Category Archives: Energy

Tantric Massage for Women


By Shashi Solluna


Tantric massage is becoming a big thing.

For men, the ubiquitous “happy ending massage” has been around in many societies for a long time, though mostly for relief of built-up sexual tension rather than any kind of tantric experience. So for men to go for a tantric massage is not a big leap of the imagination. It’s simply the next step.

But on the other hand… for a woman to go and receive a massage for her sexual pleasure from a therapist she doesn’t know is a pretty new concept in most places.

Yet it is taking off, and in tantric circles many people have learned some sort of tantric massage technique. It is now reasonably easy for a woman to book a tantric massage in areas where there is a lot of Tantra. In some countries it is legal and can be found in the bigger cities. And in a few places you can even find tantric spas with a full menu of delights (Germany and Czech Republic seem to be the leaders in this respect).

However, because this is a new trend, there is still a lack of understanding and information that can be really important for a woman to know.

Probably the biggest most important factor to understand is that there is a big difference between tantric massage for pleasure and tantric massage for therapy. This is a vital point to consider on ones quest to find a tantric massage.


Active Meditation

Why are Active Meditations an important part of SkyDancing Tantra?

This question is like asking, “Why is cleaning and house repair a part of home owning?” Active Meditations are a form of decluttering your psyche and healing old wounds. Through breathing and movement you clear out the things that get in the way of loving and expressing yourself.

Most people are not fond of house cleaning. That’s where Active Meditations differ, in that it’s a wonderful experience. You don’t have to do all the work. It’s like going on vacation and returning to a home that feels more welcoming and beautiful than ever before. Most of the process is at an unconscious level. If emotions do surface, you’re encouraged to notice them and just let them pass. There is no need to analyze anything or to try to change them. Your body carries the wisdom to take care of itself if you just provide the opportunity.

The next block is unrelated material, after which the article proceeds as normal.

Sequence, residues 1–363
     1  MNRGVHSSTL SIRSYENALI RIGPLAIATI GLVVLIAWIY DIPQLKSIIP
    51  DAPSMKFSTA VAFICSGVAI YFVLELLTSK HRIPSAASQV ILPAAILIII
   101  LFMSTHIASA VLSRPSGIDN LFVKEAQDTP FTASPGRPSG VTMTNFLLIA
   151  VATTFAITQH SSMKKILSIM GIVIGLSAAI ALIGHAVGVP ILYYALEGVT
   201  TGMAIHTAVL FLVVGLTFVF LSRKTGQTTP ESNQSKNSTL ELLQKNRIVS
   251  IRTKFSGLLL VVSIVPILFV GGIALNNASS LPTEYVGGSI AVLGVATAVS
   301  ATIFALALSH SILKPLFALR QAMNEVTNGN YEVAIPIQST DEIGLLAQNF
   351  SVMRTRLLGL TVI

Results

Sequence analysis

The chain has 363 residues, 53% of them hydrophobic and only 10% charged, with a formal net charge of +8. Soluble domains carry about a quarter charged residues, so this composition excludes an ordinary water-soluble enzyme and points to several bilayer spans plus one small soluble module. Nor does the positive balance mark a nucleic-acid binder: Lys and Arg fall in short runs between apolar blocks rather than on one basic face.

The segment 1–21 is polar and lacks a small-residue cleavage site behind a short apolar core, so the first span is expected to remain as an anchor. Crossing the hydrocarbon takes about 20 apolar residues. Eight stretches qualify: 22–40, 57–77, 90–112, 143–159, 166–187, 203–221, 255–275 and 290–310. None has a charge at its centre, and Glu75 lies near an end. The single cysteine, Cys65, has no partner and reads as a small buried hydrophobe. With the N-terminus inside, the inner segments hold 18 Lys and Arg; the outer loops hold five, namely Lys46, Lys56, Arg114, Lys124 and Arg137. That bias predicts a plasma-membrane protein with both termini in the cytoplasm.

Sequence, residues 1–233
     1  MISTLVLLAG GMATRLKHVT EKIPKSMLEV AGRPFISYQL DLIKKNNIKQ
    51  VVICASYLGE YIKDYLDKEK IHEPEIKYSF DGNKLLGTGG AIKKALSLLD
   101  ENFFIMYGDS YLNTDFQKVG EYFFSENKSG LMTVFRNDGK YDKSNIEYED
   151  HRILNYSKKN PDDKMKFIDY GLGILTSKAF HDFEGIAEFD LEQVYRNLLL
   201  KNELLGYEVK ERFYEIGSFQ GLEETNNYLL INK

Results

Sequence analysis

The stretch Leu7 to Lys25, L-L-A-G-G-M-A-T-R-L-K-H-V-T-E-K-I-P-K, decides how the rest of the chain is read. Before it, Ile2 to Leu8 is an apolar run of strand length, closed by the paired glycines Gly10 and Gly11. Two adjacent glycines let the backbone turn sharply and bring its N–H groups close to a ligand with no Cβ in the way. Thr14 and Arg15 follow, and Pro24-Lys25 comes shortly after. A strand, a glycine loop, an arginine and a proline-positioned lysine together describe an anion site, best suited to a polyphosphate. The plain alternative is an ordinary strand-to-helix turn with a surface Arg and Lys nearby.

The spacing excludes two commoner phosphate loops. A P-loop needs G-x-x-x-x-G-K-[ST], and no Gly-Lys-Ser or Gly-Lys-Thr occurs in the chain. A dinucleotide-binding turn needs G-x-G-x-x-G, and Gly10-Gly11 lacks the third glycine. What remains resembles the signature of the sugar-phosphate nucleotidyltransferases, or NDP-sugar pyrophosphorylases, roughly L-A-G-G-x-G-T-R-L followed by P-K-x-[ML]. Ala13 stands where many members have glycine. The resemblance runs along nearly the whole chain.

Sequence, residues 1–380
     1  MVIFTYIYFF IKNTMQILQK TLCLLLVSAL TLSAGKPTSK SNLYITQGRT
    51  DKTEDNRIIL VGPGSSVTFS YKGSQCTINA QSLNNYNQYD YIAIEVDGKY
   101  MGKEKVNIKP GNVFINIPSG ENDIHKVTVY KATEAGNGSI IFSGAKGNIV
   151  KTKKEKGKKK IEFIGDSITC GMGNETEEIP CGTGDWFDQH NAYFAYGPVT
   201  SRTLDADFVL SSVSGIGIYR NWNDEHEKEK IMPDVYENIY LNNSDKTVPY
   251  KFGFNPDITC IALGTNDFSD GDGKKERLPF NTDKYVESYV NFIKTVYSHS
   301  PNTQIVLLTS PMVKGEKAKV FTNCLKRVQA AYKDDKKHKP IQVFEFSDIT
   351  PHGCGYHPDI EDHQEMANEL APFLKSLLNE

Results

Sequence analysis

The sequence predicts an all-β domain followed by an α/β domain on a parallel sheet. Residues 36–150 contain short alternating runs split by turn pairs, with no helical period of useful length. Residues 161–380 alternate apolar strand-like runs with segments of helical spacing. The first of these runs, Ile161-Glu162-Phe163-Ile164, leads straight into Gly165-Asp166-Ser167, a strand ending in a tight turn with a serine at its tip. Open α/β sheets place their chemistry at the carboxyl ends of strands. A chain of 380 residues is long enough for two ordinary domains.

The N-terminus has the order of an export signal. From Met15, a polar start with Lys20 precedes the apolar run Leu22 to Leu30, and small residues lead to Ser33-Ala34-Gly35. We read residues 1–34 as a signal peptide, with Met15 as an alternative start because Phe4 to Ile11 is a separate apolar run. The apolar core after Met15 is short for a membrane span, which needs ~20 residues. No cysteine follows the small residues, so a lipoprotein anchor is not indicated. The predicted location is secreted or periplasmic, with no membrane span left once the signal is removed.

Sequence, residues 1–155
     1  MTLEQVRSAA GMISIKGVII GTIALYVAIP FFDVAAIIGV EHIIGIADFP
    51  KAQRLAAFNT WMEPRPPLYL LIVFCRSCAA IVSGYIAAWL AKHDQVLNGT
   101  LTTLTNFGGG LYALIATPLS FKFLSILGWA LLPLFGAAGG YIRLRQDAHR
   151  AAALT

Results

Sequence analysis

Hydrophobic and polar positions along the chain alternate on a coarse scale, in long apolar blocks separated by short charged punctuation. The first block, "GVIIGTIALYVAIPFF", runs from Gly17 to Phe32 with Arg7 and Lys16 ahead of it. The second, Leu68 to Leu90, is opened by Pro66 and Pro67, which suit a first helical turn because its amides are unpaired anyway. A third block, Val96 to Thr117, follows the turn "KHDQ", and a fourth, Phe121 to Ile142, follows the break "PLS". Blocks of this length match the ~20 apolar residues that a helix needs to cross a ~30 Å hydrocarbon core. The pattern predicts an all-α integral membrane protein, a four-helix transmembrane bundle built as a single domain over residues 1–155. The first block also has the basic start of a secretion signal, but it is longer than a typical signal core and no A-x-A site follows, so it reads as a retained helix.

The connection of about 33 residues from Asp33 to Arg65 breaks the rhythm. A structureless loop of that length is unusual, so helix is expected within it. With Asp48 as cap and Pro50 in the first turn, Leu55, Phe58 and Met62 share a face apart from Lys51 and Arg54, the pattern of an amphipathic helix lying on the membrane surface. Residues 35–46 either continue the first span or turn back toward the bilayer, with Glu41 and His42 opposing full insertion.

When Margot Anand created SkyDancing Tantra, she had travelled the world studying many different teachings of Tantra, psychology, metaphysics and spiritual leaders. She understood the benefit of moving while meditating. You are more able to stay present with the experience and release stored emotions. We begin every morning with an Active Meditation during the Ecstatic Living Institute workshops.

When people talk about traditional meditation, so many say, “Oh I can’t meditate,  my mind is all over the place. I just can’t sit still and focus.” Exactly! With Active Meditation you don’t have to sit still and focus. You get to move and go where your experience takes you. Yet, you still get the benefits of meditation – mindful awareness, expansiveness and inner peacefulness.

The richness of Active Meditation is that every session is unique and personal. Each meditation engages on many levels, so as you clear and open, additional opportunities present themselves. You can benefit from a regular practice. Just as you might from a regular yoga practice.  Common responses are – feeling more emotional presence, increased confidence and building a deeper connection to your divine self and others.

After clearing out your home, you realize that without all that stuff, there is an expansive playroom waiting for you.  Active Meditations create more spaciousness for intimacy.  That is SkyDancing Tantra!

Your Life Cannot Go Wrong


In reality, your world is set up so that nothing happens to you, but everything happens for you – for your awakening, for your growth, for your inspiration, for your exploration – even if you forget that, or sometimes cannot see it, or sometimes fall into distraction and despair.

When there is no fixed destination, you cannot ever lose your destination, so you cannot ever lose your path, so nothing that happens in your life can take you off your path. Your path IS what happens, and what happens IS your path. There is no other.

Everything is a gift on this unbreakable path that you call your life – the laughter, the tears, the times of great sorrow, the experiences of profound loss, the pain, the confusion, the times you believe you’ll never make it, even the overwhelming heartbreak of love – even if you forget that sometimes, or cannot see that sometimes, or lose faith absolutely in the entire show sometimes.

But even the loss of faith in the show is part of the show, and even the scene where ‘something goes wrong’ is not indicative of the show going wrong, and so you are always exactly where you need to be, believe it or not, even if you are not.

Life can be trusted absolutely, even when trust seems a million light-years away, and life cannot go wrong, for all is life, and life is all. Understand this, know it in your heart, and spirituality is profoundly simple, as simple as breathing, as natural as gazing up at the stars at night and falling into silent wonder. The universe is more beautiful than you could ever imagine.